spectral thoerem question

Aug 2009
122
19
Pretoria
Suppose T is a normal operator on a Hilbert space H, show that there exists a self-adjoint operator S on H such that T=f(S), where f is a continuous function form the spectrum of S into C
 

Opalg

MHF Hall of Honor
Aug 2007
4,039
2,789
Leeds, UK
Suppose T is a normal operator on a Hilbert space H, show that there exists a self-adjoint operator S on H such that T=f(S), where f is a continuous function form the spectrum of S into C
This is a strange result, and I'm not convinced that it is true.

Suppose for example that \(\displaystyle H = L^2(\overline{\mathbb{D}})\), the Hilbert space of all square-integrable functions on the closed unit disk \(\displaystyle \overline{\mathbb{D}}\) in the complex plane (with respect to 2-dimensional Lebesgue measure). Let \(\displaystyle M_z\) be the operator on H defined by \(\displaystyle M_z\xi(z) = z\xi(z)\ (\xi\in H)\). In other words, the operator \(\displaystyle M_z\) consists of multiplication by the coordinate function. Then \(\displaystyle M_z\) is a normal operator on H, and its spectrum is equal to \(\displaystyle \overline{\mathbb{D}}\). If there is a selfadjoint operator S on H such that T=f(S), where f is a continuous function from the spectrum of S into \(\displaystyle \mathbb{C}\) then the spectral mapping theorem states that f maps the spectrum of S onto the spectrum of T. So f would have to be something like a space-filling curve, mapping a compact subset of the real line onto the unit disk in the plane.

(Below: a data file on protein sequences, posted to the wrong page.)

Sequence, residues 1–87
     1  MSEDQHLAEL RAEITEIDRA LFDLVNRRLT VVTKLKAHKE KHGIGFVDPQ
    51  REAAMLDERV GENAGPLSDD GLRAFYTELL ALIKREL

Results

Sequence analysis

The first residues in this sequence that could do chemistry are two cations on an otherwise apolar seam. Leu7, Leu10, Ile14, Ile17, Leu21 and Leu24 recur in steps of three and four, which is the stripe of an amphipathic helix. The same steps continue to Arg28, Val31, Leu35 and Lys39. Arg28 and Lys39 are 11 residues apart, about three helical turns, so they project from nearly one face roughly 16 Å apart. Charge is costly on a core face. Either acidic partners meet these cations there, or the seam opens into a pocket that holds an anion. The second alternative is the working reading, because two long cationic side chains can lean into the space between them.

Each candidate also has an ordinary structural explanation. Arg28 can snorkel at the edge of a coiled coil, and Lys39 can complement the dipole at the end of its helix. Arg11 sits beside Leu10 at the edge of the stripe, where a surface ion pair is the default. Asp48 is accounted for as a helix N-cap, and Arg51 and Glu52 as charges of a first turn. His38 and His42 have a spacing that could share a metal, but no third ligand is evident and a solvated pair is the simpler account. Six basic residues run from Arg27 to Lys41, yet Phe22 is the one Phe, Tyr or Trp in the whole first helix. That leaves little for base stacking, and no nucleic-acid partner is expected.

I suppose it's possible that every normal operator could come from a selfadjoint operator in this sort of way, but it somehow seems unlikely to me.
 
Aug 2009
122
19
Pretoria
I see, so when the operator T is in fact unitary the result is trivial, since then we can find a self-adjoint operator, say S such that \(\displaystyle T=e^{iS}\)